During the quarter we initiated a position in Ball Corp, a company we have been eyeing for some time and that the market decline finally provided us opportunity to invest in. This leading aluminum beverage can manufacturer should see accelerated growth over the next several years as the world phases out single use plastic bottles. We also initiated a position in T-Mobile as we view the combined T-Mobile/Sprint as a long-term share gainer due to its cost advantage and potential as a 5G leader. We increased our position in Salesforce.com as we viewed the cash flow story as undervalued by the market, and Arista Networks as we view their switches as well positioned to benefit from increased cloud demand at key customers. We exited PNC Bank, MetLife and American International Group, as we believe low interest rates, which challenge their earnings power, are likely to persist for several years. Being cautious on the outlook for a quick recovery in autos, we sold out of a small position in Illinois Tool Works.
Markets are trying to make a bottom, but that is a process and not a day. The five-day 17.4% rally off the March 23 market low (the second-best five-day rally in market history) helped establish a short-term low. Ultimately, though, before any rally can be sustained, we believe markets will require the spread of COVID-19 to slow, signs of stabilization in the global economy and an indication aggressive fiscal and monetary actions are reducing the overall economic fallout (especially regarding employment and bankruptcies). If China and South Korea are any indication, the U.S. may be only a couple of weeks away from a slowing infection rate and within two months of returning to a more “normal” daily routine. This is our best estimate of what the market currently discounts.
As portfolio managers, we and the global markets are attempting to map out a path forward for which there are few if any historic parallels. Businesses are accustomed to demand slowdowns but not outright stoppages. As such, our forecasts have wider than usual potential outcomes. This — in turn — means a more challenged assessment of risk and wider asset valuations. But the features that make a company robust in a slowdown are the same when demand stops — a strong balance sheet and a dominant franchise. We believe the Appreciation Strategy’s conservative approach to investing and portfolio of high-quality earnings compounders with quality balance sheets and durable competitive advantages is well-positioned in these uncertain times.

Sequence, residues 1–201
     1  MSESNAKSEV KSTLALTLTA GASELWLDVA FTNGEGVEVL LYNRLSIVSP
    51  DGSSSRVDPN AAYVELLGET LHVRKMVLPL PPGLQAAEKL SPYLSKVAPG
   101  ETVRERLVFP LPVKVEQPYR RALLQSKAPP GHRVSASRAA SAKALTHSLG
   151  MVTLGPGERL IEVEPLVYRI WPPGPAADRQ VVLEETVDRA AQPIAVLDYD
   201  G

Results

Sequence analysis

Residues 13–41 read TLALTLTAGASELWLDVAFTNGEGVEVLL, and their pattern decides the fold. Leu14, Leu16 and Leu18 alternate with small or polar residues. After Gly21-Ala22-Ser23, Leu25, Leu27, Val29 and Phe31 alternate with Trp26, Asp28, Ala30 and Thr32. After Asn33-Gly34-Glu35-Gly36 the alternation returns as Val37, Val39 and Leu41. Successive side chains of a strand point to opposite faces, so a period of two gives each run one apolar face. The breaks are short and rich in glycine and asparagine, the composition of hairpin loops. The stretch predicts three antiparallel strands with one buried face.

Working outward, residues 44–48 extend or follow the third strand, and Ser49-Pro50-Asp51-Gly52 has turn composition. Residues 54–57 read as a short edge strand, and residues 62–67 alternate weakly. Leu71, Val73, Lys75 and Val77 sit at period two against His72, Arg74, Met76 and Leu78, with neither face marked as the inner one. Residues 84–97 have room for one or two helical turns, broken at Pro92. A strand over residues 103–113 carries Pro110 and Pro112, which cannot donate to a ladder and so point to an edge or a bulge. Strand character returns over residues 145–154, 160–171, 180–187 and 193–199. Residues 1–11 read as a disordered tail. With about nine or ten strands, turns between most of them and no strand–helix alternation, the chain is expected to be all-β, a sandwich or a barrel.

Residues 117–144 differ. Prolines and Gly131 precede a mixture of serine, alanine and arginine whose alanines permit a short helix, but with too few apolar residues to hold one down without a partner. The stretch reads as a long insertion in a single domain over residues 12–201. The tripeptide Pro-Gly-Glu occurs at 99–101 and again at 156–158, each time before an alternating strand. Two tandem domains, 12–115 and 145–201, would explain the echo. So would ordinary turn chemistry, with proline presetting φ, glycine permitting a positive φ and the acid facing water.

The Appreciation Strategy performed in line with the benchmark in the first quarter. On an absolute basis, the Strategy had losses in all 11 sectors in which it was invested during the quarter. The least negative contributors to the Strategy’s performance were the utilities, real estate and consumer discretionary sectors. The financials, communication services and industrials sectors were the main laggards.
In relative terms, sector allocation detracted from performance, but was offset by positive stock selection. In particular, overweights to the financials, materials and energy sectors and stock selection in the communication services sector detracted from relative results. Conversely, stock selection in the consumer discretionary, IT, energy and real estate sectors were beneficial to relative performance.
On an individual stock basis, the biggest contributors to absolute returns during the quarter included positions in Amazon.com, Microsoft, Ball, Fidelity National Information Services and Gilead Sciences. The greatest detractors from absolute returns were positions in JPMorgan Chase, Raytheon Company, PPG Industries, Comcast and Berkshire Hathaway.
Aside from portfolio activity mentioned above, during the quarter we initiated positions in Fidelity National Information Services and Cognizant Technology in the IT sector, American Express in the financials sector and Pinterest in the communication services sector. We closed positions in W.W. Grainger in the industrials sector, Corteva and Dupont De Nemours in the materials sector, Schlumberger and Phillips 66 in the energy sector, Gilead Sciences in the health care sector and McDonald’s in the consumer discretionary sector.